Location Intelligence (LI) – the ability to map and compare your spatially significant data with your more traditional metrics captured within a Business Intelligence (BI) solution – has a vast array of potential applications across many industries and job functions.

Or, as industry veteran and respected analyst Wayne Ecerkson put it in a recent blog post, Location Intelligence is More Than A Map: “Location intelligence, also known as spatial analytics, creates maps that enable users to view the relationship of objects in space and perform a variety of spatial calculations, such as, ‘How long will it take to drive from Detroit to Cleveland?’ or ‘What percentage of high income customers are located within a 15 minute drive of this store?’ Or ‘What’s my risk exposure to a hurricane that plows through Dade County, Florida?’”

For a more thorough definition of LI and its usefulness to reporting and analytics initiatives, read one of our formative musings regarding location analytics, Experts: Location Intelligence unlocks the power of your data >


 Here are some prominent examples of LI’s usefulness and application by industry:

  • The mining and exploration industry: Being able to track, plot and understand the location of infrastructure and resources (or potential resources) is critical for corporations in the mining sector to properly assess the profitability of any given exploration or venture. Geospatial mapping capabilities enable organizations in the mining and exploration industry to:
    • Monitor assets:
      • Is there sufficient equipment nearby to undertake a specific project?
      • Where is the equipment that is scheduled for service?
    • Track sub-surface infrastructure
    • Monitor, track and assess the availability of staff
    • Monitor Competitors
    • Monitor the environmental impacts of exploration and mining activities
    • Establish the location of hazardous materials
    • Monitor work-related incidents and establish appropriate OH & S protocols
    • Compare pre-approved sites with geographic phenomena, features and obstacles

 

  • Insurance companies: Assessing risk enables insurance companies to structure a reliable, fair and profitable business model. Understanding the location of customers in relation to other location-based data, such as crime rates (car theft) or weather patterns (frequency of severe weather systems) by city, region or state, enables insurers to identify high or low risk cases and develop marketing strategies, policies and pricing models accordingly.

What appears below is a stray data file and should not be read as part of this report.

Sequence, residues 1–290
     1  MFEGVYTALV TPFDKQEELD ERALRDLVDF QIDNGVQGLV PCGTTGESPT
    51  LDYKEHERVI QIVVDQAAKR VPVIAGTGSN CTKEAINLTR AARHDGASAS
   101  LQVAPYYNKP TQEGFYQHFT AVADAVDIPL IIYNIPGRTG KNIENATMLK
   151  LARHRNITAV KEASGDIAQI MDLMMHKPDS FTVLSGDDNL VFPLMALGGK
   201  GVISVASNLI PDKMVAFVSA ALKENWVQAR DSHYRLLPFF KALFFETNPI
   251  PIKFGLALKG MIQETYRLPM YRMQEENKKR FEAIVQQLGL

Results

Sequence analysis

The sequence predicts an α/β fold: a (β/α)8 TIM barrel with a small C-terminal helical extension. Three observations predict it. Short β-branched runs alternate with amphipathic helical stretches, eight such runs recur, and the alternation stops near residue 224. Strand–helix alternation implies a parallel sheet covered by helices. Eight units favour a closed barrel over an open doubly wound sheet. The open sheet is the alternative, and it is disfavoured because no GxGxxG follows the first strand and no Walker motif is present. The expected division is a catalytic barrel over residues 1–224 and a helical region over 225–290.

• Customer relations in the finance and banking sector: A recent Bank Systems and Technology report said that many U.S. banks and other financial institutions could benefit from implementing a BI solution: “Banks want to use customer-level data on product holdings, channel activity and profitability to improve the targeting of online campaigns and make account application and funding processes more seamless and effective.” Using an integrated mapping tool, such as LI, banks and other financial institutions can foster deeper and more profitable customer relations by:
    • Analyzing, segmenting and serving the customers in each division according to costs, profits and services (current and potential)
    • Conducting effective customer profiling to develop more successful marketing and sales campaigns through detailed and accurate customer segmentation
    • Effectively tailoring products and services according to the customer base within each region or division
    • Identifying and actively retaining and pursuing each division’s most profitable customers

       

  • Airports and airlines: Mapping the location of aircraft is critical for obvious reasons. Further, combing the location of aircraft with other operational data can expose and answer critical questions. For example, what’s the maintenance record of the aircraft closest to a particular airport? Based on that record, is it reasonably safe to turn the aircraft around for back-to-back flights without a closer inspection and safety check?


  • Healthcare providers: Understanding the operational status of healthcare providers and institutions from a locational perspective can lead to more efficient practices and higher standards of patient care:
    • Clinical applications: Patient safety and quality of care can be documented and tracked to uncover unsafe or substandard practices. This information can then be used to identify areas where healthcare professionals may need additional training or where stricter regulations and procedures should be put in place. For example, the number and type of medication errors can be tracked and documented across different medical institutions. That data can be drilled down on to establish in which wards, on what day, and at what times the errors occurred. From there, the nurse or doctor responsible can be identified, and that individual’s history can be profiled to discover how many medication-related errors that person has made, the nature of those mistakes, and the timeframe over which they occurred.